By Claire Reilly
The CEO of Myer has echoed the words of Australian Retailers Association director Russell Zimmerman, calling for a removal of what he deems excessive penalty rates that retailers are required to pay to workers.
Speaking to the Australian Financial Review after the release of Myer’s profit results yesterday, Brookes said that as consumers change the way they shop, retailers needed to be able to adapt to suit shifting trends.
“There is no doubt that the customer is no longer shopping Thursday night and Saturday morning but shopping all through the week,” said Brookes. “We need to be able to respond to that by having flexible workplace relations and the ability to negotiate our own deals under some rules with our own people.
“There is a need to wind back penalty rates,” he said. “Some of those penalty rates go to 200 per cent.”
However, Brookes noted that removing penalty rates would be a tough political move and one that would no doubt prove unpopular with many Australians.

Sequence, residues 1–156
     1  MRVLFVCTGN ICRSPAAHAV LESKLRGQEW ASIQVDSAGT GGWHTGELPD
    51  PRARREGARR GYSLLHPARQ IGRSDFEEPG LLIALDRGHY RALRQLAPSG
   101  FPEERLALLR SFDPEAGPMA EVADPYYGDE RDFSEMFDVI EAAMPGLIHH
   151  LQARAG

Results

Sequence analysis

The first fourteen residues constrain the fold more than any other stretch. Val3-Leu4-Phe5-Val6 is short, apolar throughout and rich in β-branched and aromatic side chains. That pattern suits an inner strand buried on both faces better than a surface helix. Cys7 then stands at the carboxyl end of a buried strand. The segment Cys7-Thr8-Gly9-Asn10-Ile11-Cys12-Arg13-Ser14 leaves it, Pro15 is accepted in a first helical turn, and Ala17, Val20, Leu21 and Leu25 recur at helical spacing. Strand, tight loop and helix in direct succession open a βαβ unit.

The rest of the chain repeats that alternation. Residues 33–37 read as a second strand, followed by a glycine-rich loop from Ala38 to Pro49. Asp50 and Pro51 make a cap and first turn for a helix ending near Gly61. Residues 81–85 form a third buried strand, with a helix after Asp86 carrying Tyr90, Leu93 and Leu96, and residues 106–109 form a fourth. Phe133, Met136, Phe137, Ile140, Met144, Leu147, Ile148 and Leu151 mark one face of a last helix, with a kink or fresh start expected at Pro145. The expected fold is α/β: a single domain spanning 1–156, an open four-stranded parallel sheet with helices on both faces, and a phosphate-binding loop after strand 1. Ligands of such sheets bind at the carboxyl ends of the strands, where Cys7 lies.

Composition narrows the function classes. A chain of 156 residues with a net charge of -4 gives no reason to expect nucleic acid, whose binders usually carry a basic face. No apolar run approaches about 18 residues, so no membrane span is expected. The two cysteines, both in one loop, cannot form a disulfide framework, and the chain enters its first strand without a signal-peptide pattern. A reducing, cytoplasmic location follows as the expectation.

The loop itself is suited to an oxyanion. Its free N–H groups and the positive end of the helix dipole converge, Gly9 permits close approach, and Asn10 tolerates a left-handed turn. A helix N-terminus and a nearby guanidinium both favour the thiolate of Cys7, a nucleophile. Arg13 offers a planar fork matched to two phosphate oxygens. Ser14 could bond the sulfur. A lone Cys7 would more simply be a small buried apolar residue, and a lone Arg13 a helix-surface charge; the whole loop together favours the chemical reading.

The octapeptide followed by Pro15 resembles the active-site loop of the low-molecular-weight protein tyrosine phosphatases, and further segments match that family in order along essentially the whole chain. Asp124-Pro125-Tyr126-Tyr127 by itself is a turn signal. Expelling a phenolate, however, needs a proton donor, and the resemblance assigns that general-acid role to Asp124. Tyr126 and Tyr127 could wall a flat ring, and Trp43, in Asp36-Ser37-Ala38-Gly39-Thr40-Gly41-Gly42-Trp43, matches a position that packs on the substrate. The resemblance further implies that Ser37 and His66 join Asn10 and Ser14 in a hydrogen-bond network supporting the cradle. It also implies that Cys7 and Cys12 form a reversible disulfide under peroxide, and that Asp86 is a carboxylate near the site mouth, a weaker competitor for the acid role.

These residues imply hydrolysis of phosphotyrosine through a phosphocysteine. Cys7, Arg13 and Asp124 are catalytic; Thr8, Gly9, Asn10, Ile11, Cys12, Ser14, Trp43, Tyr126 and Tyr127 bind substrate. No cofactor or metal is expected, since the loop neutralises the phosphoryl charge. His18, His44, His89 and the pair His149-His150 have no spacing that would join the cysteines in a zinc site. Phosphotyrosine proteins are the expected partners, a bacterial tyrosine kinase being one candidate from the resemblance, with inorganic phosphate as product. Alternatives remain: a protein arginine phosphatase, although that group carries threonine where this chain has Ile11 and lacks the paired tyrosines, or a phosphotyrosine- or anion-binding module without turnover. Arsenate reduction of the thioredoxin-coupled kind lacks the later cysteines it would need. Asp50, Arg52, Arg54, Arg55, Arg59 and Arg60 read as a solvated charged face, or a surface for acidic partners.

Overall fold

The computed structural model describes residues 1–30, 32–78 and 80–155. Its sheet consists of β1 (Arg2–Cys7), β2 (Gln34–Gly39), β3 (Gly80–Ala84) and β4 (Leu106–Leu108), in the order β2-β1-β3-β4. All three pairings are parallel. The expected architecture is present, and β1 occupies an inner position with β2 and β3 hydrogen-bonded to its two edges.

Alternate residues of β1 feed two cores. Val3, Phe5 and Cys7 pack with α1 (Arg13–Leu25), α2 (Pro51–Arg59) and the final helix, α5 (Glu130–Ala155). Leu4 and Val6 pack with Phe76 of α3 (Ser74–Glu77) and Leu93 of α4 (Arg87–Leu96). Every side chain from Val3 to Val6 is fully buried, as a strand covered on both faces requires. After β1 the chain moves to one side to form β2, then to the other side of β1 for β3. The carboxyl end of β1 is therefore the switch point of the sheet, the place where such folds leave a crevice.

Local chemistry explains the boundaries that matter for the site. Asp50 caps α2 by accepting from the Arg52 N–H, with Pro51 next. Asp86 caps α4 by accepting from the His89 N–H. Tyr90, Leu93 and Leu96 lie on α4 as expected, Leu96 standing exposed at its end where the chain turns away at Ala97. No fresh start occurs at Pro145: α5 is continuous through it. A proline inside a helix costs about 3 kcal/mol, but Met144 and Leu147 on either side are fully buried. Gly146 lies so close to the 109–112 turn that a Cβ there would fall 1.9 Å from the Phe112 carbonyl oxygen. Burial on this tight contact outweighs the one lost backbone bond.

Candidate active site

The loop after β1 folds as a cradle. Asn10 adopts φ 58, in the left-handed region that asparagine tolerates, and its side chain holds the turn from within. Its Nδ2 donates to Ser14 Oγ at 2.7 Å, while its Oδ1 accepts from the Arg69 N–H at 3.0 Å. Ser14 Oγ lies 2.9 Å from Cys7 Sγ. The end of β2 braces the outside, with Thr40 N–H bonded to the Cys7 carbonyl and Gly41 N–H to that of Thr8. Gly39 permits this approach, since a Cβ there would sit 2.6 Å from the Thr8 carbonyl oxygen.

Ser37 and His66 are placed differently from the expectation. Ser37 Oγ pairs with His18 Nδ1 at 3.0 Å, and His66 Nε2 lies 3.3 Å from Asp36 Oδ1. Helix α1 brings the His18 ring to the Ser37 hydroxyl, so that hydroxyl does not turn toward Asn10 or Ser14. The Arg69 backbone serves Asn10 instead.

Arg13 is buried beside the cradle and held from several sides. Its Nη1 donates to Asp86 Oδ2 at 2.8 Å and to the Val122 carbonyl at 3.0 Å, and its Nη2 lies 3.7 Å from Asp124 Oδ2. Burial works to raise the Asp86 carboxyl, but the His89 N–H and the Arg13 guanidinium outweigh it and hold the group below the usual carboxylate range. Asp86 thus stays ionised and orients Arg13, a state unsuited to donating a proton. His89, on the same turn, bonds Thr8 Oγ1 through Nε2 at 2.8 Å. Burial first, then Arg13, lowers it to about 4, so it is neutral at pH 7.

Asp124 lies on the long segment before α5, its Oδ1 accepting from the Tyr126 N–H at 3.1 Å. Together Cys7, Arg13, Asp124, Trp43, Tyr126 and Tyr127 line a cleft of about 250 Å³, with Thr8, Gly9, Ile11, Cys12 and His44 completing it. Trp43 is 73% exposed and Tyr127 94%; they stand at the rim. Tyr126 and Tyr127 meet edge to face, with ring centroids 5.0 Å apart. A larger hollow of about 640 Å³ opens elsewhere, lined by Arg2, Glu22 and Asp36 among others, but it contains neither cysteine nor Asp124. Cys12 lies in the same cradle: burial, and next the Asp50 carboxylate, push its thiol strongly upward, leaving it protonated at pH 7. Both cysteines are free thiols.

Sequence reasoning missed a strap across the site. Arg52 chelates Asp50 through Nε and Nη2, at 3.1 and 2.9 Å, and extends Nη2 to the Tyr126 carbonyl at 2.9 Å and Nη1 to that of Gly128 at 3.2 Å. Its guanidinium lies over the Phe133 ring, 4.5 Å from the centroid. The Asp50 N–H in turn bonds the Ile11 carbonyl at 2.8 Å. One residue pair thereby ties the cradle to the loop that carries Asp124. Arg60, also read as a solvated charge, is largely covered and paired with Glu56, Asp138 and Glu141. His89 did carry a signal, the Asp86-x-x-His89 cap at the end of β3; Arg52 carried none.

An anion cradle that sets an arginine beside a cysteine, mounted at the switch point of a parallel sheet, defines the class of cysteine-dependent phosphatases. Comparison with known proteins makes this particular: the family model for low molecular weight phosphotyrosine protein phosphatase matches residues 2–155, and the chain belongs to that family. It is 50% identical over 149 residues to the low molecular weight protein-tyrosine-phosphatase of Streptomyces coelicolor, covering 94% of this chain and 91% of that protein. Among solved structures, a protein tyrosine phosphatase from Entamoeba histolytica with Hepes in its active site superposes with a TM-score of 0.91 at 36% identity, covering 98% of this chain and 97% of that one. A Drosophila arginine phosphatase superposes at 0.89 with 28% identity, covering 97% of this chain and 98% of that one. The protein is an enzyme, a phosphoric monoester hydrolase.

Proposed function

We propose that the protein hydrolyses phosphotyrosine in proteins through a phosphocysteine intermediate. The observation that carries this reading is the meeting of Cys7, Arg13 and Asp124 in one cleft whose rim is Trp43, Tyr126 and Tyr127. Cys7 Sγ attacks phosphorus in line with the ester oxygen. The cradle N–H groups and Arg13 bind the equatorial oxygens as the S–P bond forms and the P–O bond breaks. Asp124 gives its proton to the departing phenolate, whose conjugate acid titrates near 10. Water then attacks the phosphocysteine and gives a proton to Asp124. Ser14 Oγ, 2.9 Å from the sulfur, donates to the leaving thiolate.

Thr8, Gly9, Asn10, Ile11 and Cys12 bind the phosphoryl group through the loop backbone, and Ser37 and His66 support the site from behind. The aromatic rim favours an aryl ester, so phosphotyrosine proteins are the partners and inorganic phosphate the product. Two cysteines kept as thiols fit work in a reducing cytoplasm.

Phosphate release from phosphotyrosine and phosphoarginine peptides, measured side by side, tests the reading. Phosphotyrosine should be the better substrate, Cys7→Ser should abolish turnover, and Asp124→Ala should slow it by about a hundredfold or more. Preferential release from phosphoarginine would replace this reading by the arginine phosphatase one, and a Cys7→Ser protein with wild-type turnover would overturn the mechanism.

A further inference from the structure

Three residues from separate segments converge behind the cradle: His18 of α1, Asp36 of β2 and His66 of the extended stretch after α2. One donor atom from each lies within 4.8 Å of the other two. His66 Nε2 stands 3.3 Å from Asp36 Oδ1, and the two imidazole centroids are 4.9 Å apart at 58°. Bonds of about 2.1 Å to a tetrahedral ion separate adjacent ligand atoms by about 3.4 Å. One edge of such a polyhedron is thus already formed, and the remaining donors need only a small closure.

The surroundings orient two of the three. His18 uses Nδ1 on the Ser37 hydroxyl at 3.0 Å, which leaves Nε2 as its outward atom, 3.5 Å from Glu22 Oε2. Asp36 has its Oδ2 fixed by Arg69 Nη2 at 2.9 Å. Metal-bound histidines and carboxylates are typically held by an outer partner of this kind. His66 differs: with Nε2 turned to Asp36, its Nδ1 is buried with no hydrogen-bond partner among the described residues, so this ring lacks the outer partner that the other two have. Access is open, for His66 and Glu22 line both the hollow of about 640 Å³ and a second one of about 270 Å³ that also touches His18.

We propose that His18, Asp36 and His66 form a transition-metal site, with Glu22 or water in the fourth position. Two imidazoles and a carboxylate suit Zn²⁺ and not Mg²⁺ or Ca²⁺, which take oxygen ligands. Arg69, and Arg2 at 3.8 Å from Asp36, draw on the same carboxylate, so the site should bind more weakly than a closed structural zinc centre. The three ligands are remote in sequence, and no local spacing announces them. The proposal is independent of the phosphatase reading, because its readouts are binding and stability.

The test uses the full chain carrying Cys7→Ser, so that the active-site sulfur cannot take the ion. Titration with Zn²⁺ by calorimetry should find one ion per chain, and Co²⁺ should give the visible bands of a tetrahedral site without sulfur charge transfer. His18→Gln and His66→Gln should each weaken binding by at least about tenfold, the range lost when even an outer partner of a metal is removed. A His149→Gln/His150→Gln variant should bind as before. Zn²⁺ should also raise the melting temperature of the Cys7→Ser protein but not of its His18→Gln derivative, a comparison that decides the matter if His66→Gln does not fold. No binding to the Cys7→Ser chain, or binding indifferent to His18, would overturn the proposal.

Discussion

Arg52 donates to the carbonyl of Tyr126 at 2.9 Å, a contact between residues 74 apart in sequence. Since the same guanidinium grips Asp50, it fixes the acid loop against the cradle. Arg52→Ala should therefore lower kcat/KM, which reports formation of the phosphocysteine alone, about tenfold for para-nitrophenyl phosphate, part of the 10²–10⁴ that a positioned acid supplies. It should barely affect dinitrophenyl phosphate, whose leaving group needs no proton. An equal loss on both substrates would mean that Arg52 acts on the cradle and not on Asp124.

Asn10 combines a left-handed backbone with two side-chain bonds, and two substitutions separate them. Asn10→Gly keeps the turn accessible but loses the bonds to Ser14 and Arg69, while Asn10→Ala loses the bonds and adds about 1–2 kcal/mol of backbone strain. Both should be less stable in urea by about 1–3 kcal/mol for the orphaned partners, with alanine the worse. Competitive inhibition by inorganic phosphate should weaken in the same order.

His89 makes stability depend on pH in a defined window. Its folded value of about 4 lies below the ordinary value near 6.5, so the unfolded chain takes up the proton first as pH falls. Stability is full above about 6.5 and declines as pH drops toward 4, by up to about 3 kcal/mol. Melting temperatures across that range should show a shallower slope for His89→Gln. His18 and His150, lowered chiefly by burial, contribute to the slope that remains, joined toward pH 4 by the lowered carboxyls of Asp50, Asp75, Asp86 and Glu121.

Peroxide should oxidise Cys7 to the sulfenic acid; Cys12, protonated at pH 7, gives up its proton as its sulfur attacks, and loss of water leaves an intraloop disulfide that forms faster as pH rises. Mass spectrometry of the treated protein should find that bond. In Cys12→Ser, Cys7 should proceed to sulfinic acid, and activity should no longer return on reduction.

“Unfortunately today, getting flexibility in the award is going to be impossible because it wouldn’t be popular,” he said. “We are in an environment of populist politics, and making a hard decision for the good efficiency of the country is a really difficult decision for a government to take.
“Therefore we have to learn to live with what would be some of the highest wage and penalty rates in the world.”
Continuing with the current model would have consequences for both retailers and consumers, he said.
“Whether you’re selling hot coffee or baked beans or clothes, it has to have a knock-on effect in two ways – the customer has to pay for it one way or another, either with decreased service or product cost.
“It may mean potentially we might not even trade on Sundays in some stores because it’s uneconomical to do so when you have to pay 200 per cent penalty rates.
“Or it means under the retail award it’s feasible the uni student jobs and the casual jobs and after-school jobs, which is how I started and a lot of people in retail started, won’t be there.”